What does the new financial year mean for dentists?

What does the new financial year mean for dentists?

Dental specialist financial adviser Aaron Prested discusses some recent changes and what dentists should be aware of in terms of planning for the financial year ahead. 

Some of the changes announced in the spring budget and autumn statement of 2023 are coming into effect now. This and the end of the financial year mean there are some important details for dentists to consider when planning.

Additional ISA allowance

During the spring budget, chancellor of the exchequer Jeremy Hunt announced an additional British ISA allowance of £5,000 for investment in UK companies. The date of when this will be available has not yet been confirmed. This is on top of the existing £20,000 – although it can only be used when invested in UK companies.

This is good news for dentists. It came on top of the ISA reform announced in the 2023 autumn statement applicable from April 2024. Savers are permitted to have multiple subscriptions of the same type of ISA. This allowsing investors to diversify funds across multiple providers in the same tax year. 

Capital gains tax (CGT) and dividend tax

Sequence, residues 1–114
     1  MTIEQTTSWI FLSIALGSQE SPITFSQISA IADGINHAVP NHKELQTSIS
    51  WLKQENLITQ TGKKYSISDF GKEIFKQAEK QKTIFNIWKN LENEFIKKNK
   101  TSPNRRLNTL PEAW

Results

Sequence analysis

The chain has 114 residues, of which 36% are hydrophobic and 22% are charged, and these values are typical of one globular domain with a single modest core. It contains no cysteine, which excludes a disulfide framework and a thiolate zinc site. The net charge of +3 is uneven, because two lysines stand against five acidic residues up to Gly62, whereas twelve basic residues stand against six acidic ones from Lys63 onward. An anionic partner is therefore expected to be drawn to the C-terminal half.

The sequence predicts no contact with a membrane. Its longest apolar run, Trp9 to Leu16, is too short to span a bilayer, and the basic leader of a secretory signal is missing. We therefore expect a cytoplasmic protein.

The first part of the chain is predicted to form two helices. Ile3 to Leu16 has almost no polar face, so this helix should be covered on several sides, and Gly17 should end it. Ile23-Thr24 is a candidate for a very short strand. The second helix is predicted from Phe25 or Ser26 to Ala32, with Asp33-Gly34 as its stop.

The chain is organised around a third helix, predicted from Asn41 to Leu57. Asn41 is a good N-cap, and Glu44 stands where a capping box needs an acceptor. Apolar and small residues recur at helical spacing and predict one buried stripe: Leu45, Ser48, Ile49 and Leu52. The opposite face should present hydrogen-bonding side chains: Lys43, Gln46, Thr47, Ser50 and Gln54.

The thresholds are set to be halved again in April to £3,000 and £500 respectively. The CGT and dividend allowances were already halved last April, from £12,000 and £2,000 respectively. As a result, people who aren’t used to paying tax on their savings and investments are likely to do so.

The reduction to the dividend allowance from £1,000 to £500 means higher tax bills for investors and dentists who run their own business and pay themselves in dividends. We would highly recommend that any dentist operating a limited company gets advice on the options available. This will limit the impact of these changes as much as possible.

National Insurance (NI) contributions

Part of the government’s pledge to a simpler, fairer tax system during the spring budget included changes to NI Contributions. For employed people a reduction in NI from 10% to 8% to start on 6 April. The average annual pre-tax salary is approximately £34,900 according to government data from March 2024. This means the average employed person would be approximately £450 a year better off.